How about the investment you can feel right at home with?

By , Staff writer of The Christian Science Monitor

Scads of investment-advice books pour off the presses each month, and most of them have to do with making millions on real estate. No doubt you've seen their alluring titles: ''Hidden Fortunes,'' ''Nothing Down,'' ''How to Build a Real Estate Money Machine,'' ''How We Made a Million Dollars Recycling Great Old Houses.''

The reason such books are popular is that real estate is popular. Before most people consider buying a share of stock or a single government bond, they usually consider real estate.

To be sure, it typically takes a much bigger commitment (thousands or tens of thousands of dollars) to invest in real estate than in a stock or bond. And before you can complete the transaction you have to go through a lengthy process of house hunting, negotiating, qualifying for financing, and closing. Agents, bankers, lawyers, and other professionals are usually involved.

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Still, other than a savings account, property is one of the most basic, easy-to-understand, practical investments you can make. It can be the most profitable, too. Quite simply, says James W. Christian, chief economist of the United States League of Savings Institutions, a house is still ''the only investment you can make that you can live in.''

Even books telling how to make millions off the stock market or gold or pork bellies usually include a caveat within the first three pages that says: ''Be sure you own life insurance and your own home before embarking on this venture.''

Your own home gives you (a)a place to live, (b)a tax break, and (c) the ability not only to beat inflation but to build wealth by upgrading your property, as long as you upgrade it the right way.

A real estate investment, however, is at its best in the kind of inflationary environment that the US experienced during the 1970s. In today's ''disinflationary'' environment - one that many economists, including Mr. Christian, expect to continue throughout most of the decade - real estate is not as sure-fire a winner.

Consequently, unlike the 1970s, the early '80s have not been particularly good times to buy a house. Interest rates have been high and appreciation of property low. Last year was better than the year before. This year will not be so good for home buyers, Mr. Christian says.

Banks and S&Ls are no longer quite so flush with cash as they were last year. What helped in '83 was the introduction of money-market deposit accounts, the now-discontinued practice of allowing brokered deposits, the popularity of adjustable-rate mortgages, and, above all, relatively moderate interest rates.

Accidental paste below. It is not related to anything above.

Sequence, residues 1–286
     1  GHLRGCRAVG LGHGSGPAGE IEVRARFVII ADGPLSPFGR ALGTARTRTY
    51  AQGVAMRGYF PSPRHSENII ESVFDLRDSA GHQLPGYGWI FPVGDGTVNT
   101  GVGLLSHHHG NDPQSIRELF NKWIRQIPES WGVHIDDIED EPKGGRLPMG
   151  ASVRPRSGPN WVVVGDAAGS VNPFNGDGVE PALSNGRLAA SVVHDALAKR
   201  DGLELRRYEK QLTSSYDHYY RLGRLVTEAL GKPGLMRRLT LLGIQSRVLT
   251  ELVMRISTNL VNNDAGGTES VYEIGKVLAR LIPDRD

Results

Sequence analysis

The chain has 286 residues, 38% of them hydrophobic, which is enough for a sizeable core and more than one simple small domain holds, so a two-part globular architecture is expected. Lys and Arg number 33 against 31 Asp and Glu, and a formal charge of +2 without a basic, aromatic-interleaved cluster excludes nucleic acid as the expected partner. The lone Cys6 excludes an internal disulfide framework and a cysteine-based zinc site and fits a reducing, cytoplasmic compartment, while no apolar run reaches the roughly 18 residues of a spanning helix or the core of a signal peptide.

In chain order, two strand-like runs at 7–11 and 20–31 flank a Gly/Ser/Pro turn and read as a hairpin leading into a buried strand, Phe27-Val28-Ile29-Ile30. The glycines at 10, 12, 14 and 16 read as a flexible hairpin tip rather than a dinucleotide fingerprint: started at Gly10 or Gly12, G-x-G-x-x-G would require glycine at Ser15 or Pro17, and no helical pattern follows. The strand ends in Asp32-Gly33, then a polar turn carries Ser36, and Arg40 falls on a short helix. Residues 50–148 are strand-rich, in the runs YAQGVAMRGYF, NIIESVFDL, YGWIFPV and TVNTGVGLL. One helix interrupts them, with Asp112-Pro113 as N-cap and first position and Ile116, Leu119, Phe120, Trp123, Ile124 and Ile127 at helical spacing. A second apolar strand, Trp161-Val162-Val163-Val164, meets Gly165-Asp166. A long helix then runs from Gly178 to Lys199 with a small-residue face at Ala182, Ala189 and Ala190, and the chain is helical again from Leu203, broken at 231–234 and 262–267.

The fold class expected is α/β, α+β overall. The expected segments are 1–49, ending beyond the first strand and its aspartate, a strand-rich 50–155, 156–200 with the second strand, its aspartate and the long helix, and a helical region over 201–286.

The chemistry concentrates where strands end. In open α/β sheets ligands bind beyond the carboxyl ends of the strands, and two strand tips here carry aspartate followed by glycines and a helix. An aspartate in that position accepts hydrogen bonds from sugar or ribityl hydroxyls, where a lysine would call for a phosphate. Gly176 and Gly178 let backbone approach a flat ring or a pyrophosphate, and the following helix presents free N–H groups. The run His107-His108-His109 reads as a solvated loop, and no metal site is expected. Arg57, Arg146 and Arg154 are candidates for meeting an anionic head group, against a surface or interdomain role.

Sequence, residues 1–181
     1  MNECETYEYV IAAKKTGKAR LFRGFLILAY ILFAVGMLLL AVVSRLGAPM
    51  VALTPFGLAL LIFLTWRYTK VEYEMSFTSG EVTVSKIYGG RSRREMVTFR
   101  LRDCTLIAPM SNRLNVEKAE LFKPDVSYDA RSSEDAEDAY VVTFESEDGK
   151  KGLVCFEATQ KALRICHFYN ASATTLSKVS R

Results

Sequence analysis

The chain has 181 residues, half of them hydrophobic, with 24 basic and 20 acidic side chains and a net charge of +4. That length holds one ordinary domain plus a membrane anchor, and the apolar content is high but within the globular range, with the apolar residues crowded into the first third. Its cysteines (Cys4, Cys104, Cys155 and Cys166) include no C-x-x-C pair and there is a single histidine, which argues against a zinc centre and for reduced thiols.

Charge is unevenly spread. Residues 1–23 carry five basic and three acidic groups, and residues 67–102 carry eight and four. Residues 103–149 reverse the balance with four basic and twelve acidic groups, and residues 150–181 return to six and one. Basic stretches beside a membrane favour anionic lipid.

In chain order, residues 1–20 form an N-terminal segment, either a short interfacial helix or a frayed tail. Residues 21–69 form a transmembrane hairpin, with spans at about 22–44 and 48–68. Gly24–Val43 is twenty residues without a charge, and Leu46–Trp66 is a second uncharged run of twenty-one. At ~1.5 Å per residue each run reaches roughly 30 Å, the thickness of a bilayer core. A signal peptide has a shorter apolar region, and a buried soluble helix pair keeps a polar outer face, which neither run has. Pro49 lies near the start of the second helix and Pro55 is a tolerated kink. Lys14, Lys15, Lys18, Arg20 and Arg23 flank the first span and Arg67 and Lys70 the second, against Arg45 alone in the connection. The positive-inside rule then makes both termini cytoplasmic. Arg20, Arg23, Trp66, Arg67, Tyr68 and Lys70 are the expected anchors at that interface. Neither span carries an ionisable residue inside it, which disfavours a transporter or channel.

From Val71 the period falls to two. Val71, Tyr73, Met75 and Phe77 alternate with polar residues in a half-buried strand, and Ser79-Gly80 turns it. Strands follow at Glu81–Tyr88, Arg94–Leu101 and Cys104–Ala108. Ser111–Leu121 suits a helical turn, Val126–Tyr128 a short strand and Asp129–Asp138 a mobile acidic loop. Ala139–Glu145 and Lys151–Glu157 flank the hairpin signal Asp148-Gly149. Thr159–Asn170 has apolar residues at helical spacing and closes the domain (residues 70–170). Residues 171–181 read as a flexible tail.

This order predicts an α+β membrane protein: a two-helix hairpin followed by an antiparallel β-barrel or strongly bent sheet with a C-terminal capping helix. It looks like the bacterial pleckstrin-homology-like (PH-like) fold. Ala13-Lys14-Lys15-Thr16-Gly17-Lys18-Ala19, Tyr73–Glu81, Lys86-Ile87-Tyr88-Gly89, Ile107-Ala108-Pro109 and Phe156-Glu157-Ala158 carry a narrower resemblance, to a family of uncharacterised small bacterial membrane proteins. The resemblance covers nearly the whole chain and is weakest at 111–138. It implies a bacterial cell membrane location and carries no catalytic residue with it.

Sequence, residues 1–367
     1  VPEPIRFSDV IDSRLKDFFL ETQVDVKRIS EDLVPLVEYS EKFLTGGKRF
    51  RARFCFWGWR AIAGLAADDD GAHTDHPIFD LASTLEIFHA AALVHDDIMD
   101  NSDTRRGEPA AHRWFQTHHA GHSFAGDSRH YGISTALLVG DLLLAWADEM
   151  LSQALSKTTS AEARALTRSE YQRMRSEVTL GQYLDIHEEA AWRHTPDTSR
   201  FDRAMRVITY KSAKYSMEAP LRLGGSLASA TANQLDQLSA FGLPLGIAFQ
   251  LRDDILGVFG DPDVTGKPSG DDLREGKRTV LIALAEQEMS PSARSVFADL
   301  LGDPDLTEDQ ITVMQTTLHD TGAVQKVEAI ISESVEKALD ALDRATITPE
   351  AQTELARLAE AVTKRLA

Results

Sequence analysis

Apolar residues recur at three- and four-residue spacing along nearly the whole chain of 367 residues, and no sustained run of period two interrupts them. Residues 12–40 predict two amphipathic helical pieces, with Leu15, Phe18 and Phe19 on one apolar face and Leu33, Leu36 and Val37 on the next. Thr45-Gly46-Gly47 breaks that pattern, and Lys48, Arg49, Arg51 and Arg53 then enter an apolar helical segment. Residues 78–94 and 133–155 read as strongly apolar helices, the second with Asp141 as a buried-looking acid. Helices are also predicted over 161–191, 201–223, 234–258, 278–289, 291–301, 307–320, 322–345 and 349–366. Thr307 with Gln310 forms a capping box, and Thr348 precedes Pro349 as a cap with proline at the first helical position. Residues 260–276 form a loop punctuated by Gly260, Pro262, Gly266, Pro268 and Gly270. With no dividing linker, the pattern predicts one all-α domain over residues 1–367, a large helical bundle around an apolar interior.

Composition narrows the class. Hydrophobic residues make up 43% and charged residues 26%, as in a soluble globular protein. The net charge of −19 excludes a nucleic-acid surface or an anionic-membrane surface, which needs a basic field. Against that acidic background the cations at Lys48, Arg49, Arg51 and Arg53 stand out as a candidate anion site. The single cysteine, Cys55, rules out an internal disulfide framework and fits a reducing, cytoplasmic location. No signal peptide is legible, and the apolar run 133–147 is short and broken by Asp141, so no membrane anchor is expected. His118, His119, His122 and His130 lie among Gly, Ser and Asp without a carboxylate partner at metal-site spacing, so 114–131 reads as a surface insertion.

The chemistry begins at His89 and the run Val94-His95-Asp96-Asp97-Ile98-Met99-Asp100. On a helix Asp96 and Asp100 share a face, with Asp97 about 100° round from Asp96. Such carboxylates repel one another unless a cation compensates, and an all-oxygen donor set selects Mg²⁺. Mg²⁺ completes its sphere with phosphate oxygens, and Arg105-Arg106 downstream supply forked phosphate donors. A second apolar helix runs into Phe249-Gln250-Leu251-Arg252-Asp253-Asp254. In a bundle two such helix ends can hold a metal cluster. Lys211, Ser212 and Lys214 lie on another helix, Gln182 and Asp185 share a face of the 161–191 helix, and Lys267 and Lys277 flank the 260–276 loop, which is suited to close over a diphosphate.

The story this year is tight credit and higher interest rates. That cuts into the housing market overall, prevents owners from ''trading up,'' and should act to keep many would-be buyers out of the market.

''The existing homeowner is locked in,'' says Christian, ''and the first-time buyer is locked out. The filtering process doesn't have a chance to work.''

If, however, you find you can handle the interest rates, then property remains a good long-term investment - as long as you do not speculate in undeveloped land, or buy lots in Florida or Colorado or Argentina sight unseen, and assuming that you maintain your property and that external conditions do not hurt values.

The biggest drawback to real estate as an investment is its very lack of portability. A share of AT&T can be sold anywhere in the country, via a stock exchange, to anyone who has the money. Not so with your property. Your pool of potential buyers can diminish or abruptly change character. Your city can be hit with unemployment. The neighborhood can deteriorate because of circumstances beyond your control: a zoning change, a new highway or factory nearby, a single incident of crime.

A good location, therefore, is the prime consideration with real estate.

But with a house, unlike common stock or gold, you usually have three options if selling it at the right price is difficult: You can rent it, you can hold the buyer's mortgage yourself, or you can simply wait until the market will bear a higher price. In most cases, demographic pressure (the baby-boom generation coming of age) and inflation (still near 5 percent for the past 12 months) make it inevitable that the price will rise.

If you decide to rent your property, you continue to derive the interest-deduction benefits from it (although you must pay taxes on the rental income), and any improvements you make can be depreciated. You do have more responsibility as a landlord, but you continue to own the house and therefore benefit from any long-term increase in its value.

By holding the mortgage note for the new owner, you can, in effect, be spreading your capital gain from the sale of the house into future years, thereby cutting down the tax bite. You'd save paying a real estate commission or any part of a loan origination fee. Since you would be very familiar with the house anyway, it would serve as excellent security for the loan. Usually you would offer an interest rate a point or so below the prevailing mortgage rate. That means you could lock in a very good interest rate for up to 30 years by financing the house yourself.

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